Lecture Notes for David Weis’ Lesson

How to monitor the trend?

In an uptrend when the up volume waves begin to shorten in “LENGTH, TIME and VOLUME” and the selling waves begin to increase in “LENGTH, TIME and VOLUME,” you know that the sellers are gradually overcoming the buyers.

 

“THE HEAVIEST VOLUME OF ANY UP WAVE IS THE LAST ONE.

 

When you see UHV up bar in up trend, if it’s genuine strength you must see immediate test bar within 5 bars, and then M moves sideways for some time.

 

“You need to find a trade rather than seek a trade.”

 

Mark Douglas (psychologist) who wrote the book “Trading in the Zone” said:

  1. Trading is a probabilistic endeavor, M moves are probabilities not certainties.
  2. Anything can happen.
  3. No one knows what’s going to happen.

 

When you’re in an uptrend and suddenly the length and time and volume of a down wave is greater than that of up wave, there is a CHANGE IN BEHAVIOR.

 

 

When you see a change in behavior, where do you enter a trade?

There are 2 ways to enter a trade:

  1. After a pull back, when you see a reasonable place to enter the market.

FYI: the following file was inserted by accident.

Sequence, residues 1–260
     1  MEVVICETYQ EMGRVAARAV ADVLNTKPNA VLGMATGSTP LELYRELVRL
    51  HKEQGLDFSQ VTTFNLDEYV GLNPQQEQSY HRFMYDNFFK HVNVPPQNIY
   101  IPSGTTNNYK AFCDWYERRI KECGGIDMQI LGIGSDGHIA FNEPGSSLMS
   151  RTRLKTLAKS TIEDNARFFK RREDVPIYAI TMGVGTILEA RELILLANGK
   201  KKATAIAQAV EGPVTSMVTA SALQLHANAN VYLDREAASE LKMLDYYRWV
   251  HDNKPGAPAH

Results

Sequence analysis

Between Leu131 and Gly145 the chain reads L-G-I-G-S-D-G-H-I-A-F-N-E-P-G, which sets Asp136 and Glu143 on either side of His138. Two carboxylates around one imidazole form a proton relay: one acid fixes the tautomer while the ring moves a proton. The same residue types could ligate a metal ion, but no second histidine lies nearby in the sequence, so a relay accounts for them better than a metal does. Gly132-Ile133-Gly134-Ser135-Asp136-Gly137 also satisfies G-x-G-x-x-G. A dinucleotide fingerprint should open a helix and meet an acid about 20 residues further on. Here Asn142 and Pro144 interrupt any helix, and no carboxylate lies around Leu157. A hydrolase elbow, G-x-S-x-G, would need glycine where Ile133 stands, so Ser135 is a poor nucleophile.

2. After a low is broken, when you have a wave which changes the behavior.

 


 

Introduction

Trading is not an easy endeavor. In fact, it is the hardest thing in the world. However, as it is important to one’s financial well-being, the time spent to become a successful trader is well worthwhile. (I consider investing long-term trading, so do not single it out)

 
 

In this notebook, I will document some of my analysis and trade selections. It is in free form and can cover anything related to trading. Writing down things can keep my mind focus on what’s happening in the trading world.

 
 

I focus on intermediate to long term trading, using daily and weekly data. Sometimes intraday data is also used to observe market forces, actions and reactions, to better time entries and exit.

 
 

Methods include Wyckoff, Drummond, Schabacker, Bollinger, Darvas et al. The goal is to achieve positive expectancy with good risk/reward ratio.